As politicians skirmish over easing coronavirus restrictions, a Melbourne-based infectious disease expert says any actions must recognise the epidemiology of the virus is different in each state.
Nic Geard, a senior lecturer at the University of Melbourne’s School of Computing and Information Systems and a senior research fellow at the Doherty Institute for Infection and Immunity, believes it makes sense that some states would move earlier toward easing restrictions than others.
Although there has been some criticism of Victorian Premier Daniel Andrews and his reluctance to lift lockdown restrictions in line with other states, Dr Geard said that observing what is happening elsewhere has helped Australia’s response to the pandemic and could help benefit Victoria.
“This is an unprecedented scenario and Australia is learning a lot by observing the experience of other countries,” Dr Geard told The New Daily.
“Similarly, we would expect close monitoring of the situation in different states and territories as restrictions are eased.
“However, the epidemiology in each state is different, so it makes sense that some states would move earlier toward easing restrictions than others.”
Victoria had been one of the first states to lock down and was considered to be doing well until this week when 11 new cases were discovered at a meatworks in Melbourne’s west and a teacher was diagnosed having worked at Meadowglen Primary School in Epping.
Dr Heard uses mathematical models to explore the behaviour of viruses and believes the easing of restrictions has to be assessed carefully in each region.
Those models, however, omit human behaviour and how the results might change in response to government and media communication, social and economic realities, and direct experience of COVID-19.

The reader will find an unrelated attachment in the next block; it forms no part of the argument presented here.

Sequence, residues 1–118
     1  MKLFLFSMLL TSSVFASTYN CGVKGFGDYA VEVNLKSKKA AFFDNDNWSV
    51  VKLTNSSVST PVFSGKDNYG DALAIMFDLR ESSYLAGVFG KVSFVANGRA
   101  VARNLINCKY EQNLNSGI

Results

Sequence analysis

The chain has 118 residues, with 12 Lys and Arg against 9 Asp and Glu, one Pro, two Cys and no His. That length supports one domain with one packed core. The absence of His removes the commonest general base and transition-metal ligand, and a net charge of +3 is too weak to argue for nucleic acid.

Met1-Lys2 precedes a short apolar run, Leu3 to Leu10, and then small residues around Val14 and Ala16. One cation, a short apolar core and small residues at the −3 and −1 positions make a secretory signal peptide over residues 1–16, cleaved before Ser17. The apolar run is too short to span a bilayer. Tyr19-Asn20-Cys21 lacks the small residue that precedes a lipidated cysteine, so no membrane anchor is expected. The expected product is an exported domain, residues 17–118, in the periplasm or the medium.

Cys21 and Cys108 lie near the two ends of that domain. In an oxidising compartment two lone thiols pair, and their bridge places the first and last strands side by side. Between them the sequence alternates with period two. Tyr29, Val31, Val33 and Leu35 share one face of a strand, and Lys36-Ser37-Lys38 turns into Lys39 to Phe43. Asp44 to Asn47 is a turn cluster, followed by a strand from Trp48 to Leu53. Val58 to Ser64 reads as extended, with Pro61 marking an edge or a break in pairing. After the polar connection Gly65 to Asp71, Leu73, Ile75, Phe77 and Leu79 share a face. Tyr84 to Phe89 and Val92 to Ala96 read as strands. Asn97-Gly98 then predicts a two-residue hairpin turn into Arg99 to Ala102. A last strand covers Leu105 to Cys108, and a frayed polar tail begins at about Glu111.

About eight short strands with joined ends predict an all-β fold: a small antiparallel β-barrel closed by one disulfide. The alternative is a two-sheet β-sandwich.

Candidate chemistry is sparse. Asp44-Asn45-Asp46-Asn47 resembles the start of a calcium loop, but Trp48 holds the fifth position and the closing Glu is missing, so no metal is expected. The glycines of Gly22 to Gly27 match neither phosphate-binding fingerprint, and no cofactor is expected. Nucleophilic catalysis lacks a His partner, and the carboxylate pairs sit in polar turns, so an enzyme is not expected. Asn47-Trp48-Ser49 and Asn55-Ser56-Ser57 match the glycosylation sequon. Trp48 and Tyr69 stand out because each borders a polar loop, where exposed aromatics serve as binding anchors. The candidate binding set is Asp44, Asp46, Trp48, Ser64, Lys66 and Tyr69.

Queensland and New South Wales are planning for students to return to school starting from the middle of this month.
Those states, along with Western Australia, have also relaxed outdoor social restrictions, but Victoria is holding firm until it conducts more tests and tracing of recent outbreaks.
Dr Geard said it was no simple matter to decide between going hard with restrictions now to get on top of the virus, or loosen up a little and tighten them up later if there was a second wave.
“It’s a really difficult question that requires balancing a huge number of public health, economic and social factors,” he said.
“The recent Go8 report Roadmap to Recovery sets out these two options and the factors involved very clearly [and] I suspect that we will see states and territories move toward easing restrictions at different rates, informed by an assessment of their current epidemiology.
“Even if elimination were to be achieved at a state or national level, ongoing vigilance will still be required as restrictions are eased, as imported cases could easily spark a further outbreak.
But Dr Geard said a second wave is not inevitable.
A second wave is a possibility so long as the virus is still circulating somewhere in the world and we don’t have a vaccine, but it is certainly not inevitable.
“The current restrictions allow existing cases to be identified and isolated or recover before they can cause a second wave.
“The restrictions also buy us time to increase testing and contact tracing capacity, to help us rapidly respond to and contain any new cases once restrictions are eased.
“Australia is in an enviable position compared to many countries, in that we contained our initial outbreak early.
“However, the experience of Singapore and Japan illustrates that such control can be easily lost.”
In Japan, the northern region of Hokkaido lifted its lockdown of businesses and schools on March 19 after new cases had fallen to below two a day.
But by the end of April, officials reinstated the lockdown measures after being flooded with 135 new cases in a week.
Dr Geard said all viruses mutate, but the current evidence suggests this virus evolves slower compared to influenza, boding well for the development of a vaccine.
“There is no evidence at this stage that mutation is leading to more virulent or lethal variants of the virus,” he said.